Spent this weekend building raised beds in the back for a vegetable garden. Spent most of Saturday building these, three boxes 8x4x2 and three 4x4x2.
And Truffles is much more mobile now, and she can hang out outside now.
I just got author copies of the audio version of Wolfbreed. While I can’t live without mp3s now, and the first thing I did with this was rip it into iTunes, I must say there is something way cool about having a physical object to point to and say, “That’s my book.”
You can get it here, and on the page is a little flash widget where you can listen to a sample of the mayhem.
I give you abused movie trailers:
Toy Story 2 vs. Dark Knight:
Watchmen vs. Wall-E:
Reservoir Dogs vs. Teenage Mutant Ninja Turtles
This Saturday March 20th between 1 and 3 PM I will be joined by fellow authors Mary Ellis, Linda Robertson and Casey Daniels at the Borders Bookstore at 335 Howe Avenue in Cuyahoga Falls, across from Chapel Hill Mall. We’ll be talking about writing, signing books and all that wonderful author-type stuff
I love conspiracy theories, but the latest article on such by Newsweek has left me a little cold. Not a single black helicopter to be had. And how does questioning the maternity of Sarah Palin’s kid rate high enough to be on a list with Goldman Sachs looting the world? Nary a COINTELPRO, ECHELON or Skull & Bones to be found. I mean they’re trying to be topical, but really. . .
Getting a line on real mind-altering conspiracy theories from Newsweek is like watching a sitcom to discover what the kids are listening to these days. Won’t happen.
The blog’s been falling by the wayside a little while I work on the climax of the Apotheosis Trilogy. It’s a little hard to shift gears for me after spending thousands of words destroying the universe I’ve been building for the past fifteen years. To say all hell’s breaking loose is a bit of an understatement. . . All this, and I have to do a credible wrap-up to a universe spanning ten books. Not easy.
Oh, and I do have planned another callback to the first trilogy, beyond Nickolai’s name. And, no, you aren’t going to be able to guess what it is.
If you’ve followed my blog, you’ve seen me talk about our dog Truffles. Back during the summer, she was stricken with something, no one has yet diagnosed what, that weakened her until she was unable to walk. At first we thought it was neurological, but she was never completely paralyzed. In fact, even when I had to carry her outside three times a day she still has had fewer accidents in the house than Lilly the boxer. So we got her a cart, and started swimming her three times a week. And just recently, we discovered that I could get her to move around with some physical support and the promise of a cookie.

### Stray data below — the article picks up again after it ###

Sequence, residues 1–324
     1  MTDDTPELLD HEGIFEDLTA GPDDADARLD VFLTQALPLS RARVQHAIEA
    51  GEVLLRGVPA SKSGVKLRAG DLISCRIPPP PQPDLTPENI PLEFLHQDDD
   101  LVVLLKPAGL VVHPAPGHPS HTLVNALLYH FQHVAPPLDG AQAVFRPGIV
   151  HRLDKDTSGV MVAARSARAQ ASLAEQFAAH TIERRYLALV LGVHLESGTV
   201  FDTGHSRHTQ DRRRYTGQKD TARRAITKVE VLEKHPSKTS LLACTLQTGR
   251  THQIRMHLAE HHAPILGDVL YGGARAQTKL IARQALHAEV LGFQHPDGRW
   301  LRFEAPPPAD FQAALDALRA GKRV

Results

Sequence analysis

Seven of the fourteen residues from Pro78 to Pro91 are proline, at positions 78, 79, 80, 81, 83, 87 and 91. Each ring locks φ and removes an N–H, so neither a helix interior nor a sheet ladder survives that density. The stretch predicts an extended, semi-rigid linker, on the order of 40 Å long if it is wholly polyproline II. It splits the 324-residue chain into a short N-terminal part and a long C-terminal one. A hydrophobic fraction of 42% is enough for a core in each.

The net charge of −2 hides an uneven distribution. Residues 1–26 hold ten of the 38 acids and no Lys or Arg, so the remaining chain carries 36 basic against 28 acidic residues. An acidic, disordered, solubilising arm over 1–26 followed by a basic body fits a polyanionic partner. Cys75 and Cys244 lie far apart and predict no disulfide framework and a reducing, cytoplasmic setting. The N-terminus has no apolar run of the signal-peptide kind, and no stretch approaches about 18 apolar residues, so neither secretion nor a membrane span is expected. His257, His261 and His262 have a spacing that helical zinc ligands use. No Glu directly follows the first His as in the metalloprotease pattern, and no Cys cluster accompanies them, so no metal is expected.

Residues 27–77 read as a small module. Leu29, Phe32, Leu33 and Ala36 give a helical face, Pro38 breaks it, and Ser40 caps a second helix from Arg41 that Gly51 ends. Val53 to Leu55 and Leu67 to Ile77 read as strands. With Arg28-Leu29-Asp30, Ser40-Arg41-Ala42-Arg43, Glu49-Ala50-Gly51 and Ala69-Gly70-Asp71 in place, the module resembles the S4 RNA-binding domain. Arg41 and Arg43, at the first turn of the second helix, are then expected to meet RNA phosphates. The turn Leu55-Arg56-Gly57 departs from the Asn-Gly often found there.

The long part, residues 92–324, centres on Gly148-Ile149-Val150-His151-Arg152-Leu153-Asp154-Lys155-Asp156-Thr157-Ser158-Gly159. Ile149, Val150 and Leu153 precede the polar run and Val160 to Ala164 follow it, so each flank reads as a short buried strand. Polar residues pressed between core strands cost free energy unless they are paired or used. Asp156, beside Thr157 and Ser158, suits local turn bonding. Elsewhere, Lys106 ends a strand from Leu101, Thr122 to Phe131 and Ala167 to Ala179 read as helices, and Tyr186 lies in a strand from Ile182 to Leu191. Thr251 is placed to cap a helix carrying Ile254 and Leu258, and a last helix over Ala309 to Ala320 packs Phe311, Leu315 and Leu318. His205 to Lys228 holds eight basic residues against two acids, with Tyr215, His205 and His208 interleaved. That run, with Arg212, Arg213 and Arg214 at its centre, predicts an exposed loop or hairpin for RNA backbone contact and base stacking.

Now, I am happy to report, Truffles has gotten strong enough that she can walk again:
She’s still rather unsteady, and can’t keep it up for more than a dozen feet or so, but this is more than we’d ever expected.
Another quick tip while I’m buried in the middle of this novel:
Tropes and clichés are a great tool with which to surprise your reader. Wait, you might say, how can you possibly surprise the reader with a cliché? Well what exactly is a cliché? It is a situation that’s so familiar that the moment the audience picks up on the typical signposts, they already know how it will turn out. (i.e. any cop buddy film or spy thriller will almost always have the protagonist’s friend, ally, or boss turn out to be in league with the bad guys, and there will be a big reveal near the climax after everybody’s figured it out.)
Thing is, while clichéd plots are generally frowned upon, the fact that a certain set of circumstances leads the reader to a particular expectation can be used as misdirection to lead the reader to make the wrong conclusions without cheating or feeding them any misinformation. Take the deathtrap trope with the villain spilling all his plots to the soon to be dead hero. Typical stupid genre villain. But, what if he isn’t stupid, and put the hero in a stupidly escapeable deathtrap specifically to unload a whole mess of BS on the dude so he’d escape and lead all the good guys to Trinidad so the not so stupid villain can go to Madagascar and fire up his mega-death ray in peace.
You want to see this idea in practice, I have a rather pure form of the concept here.